The increased level of serum creatinine after arsenic intoxication is due to enhanced formation of metabolic waste product of muscle metabolism. Further, creatinine is anhydride of creatinine. Muscle contains phosphocreatinine which undergoes spontaneous cyclization with loss of inorganic phosphorous to form creatinine. Due to affinity for thiol group of various proteins found in the cell membrane of muscles, arsenic damages the cells due to which the enzyme CPK (Creatine phosphokinase) gets released from the cells which is responsible for the conversion of phosphocreatinine in to creatinine, thus increases the level of creatinine. Probably, in presence of ethanolic extract of P. cornucopiae, arsenic does not attach to the proteins of muscle cells but to the P. cornucopiae protein, thus the serum levels of creatinine gets normalised. Among all the treatment groups, P. cornucopiae alone administered to arsenic pre-treated groups shows better amelioration rather than other groups. Thus, from the entire study it reveals that P. cornucopiae ethanolic extract alone plays the vital role in ameliorating the arsenic induced nephrotoxicity.

5. Conclusion

The study thus shows that ethanolic extract of P. cornucopiae possesses antidote and nephroprotective activity against arsenic intoxication. It also finds application as a novel drug in the near future to be used against arsenic intoxication.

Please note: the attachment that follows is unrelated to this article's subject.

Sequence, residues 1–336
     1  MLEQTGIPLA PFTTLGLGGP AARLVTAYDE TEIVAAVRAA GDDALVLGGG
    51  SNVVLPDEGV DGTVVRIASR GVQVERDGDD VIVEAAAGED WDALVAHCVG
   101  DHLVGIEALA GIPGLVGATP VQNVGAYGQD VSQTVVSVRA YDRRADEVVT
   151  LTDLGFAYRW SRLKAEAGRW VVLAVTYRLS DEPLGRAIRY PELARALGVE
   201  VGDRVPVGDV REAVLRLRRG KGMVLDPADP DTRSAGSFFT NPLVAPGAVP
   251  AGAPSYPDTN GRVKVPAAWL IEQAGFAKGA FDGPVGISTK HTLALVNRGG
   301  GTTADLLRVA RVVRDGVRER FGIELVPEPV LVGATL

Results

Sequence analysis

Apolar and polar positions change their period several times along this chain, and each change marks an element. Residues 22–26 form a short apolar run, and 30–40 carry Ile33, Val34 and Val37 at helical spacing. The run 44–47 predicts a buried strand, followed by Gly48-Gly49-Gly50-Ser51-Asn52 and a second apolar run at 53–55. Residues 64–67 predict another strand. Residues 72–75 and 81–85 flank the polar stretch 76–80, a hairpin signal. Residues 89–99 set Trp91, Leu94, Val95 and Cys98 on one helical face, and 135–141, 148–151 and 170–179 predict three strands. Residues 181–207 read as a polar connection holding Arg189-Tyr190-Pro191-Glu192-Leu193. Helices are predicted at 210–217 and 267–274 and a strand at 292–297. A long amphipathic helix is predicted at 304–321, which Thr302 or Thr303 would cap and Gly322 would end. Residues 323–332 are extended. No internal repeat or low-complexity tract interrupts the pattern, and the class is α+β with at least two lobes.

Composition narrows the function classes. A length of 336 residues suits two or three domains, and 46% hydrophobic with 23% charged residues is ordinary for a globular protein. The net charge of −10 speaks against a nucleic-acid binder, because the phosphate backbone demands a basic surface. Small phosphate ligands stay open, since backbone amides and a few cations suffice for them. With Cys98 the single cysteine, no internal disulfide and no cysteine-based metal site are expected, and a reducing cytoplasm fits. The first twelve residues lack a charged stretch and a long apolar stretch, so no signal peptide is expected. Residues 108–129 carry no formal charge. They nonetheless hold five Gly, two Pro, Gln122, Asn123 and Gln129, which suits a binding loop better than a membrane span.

Declaration of interest

The authors extend their appreciation to the Department of Science & Technology, (SSTP Division) Ministry of Science & Technology, Government of India, New Delhi for the financial assistance of this work and to the institute for the entire infrastructural facilities.

Conflicts of Interest

The authors declare no conflicts of interest.


[1] Antman, K.H. (2001) Introduction: The History of Arsenic Trioxide in Cancer Therapy. The Oncologist, 6, 1-2.
[2] Ahamed, S., Sengupta, M.K., Mukherjee, A., Hossain, M.A., Das, B., Nayak, B., Pal, A., Mukherjee, S.C., Pati, S., Dutta, R.N., Chatterjee, G., Mukherjee, A., Srivastava, R. and Chakraborti, D. (2006) Arsenic Groundwater Contamination and Its Health Effects in the State of Uttar Pradesh (UP) in Upper and Middle Ganga Plain, India: A Severe Danger. Science of the Total Environment, 370, 310-322.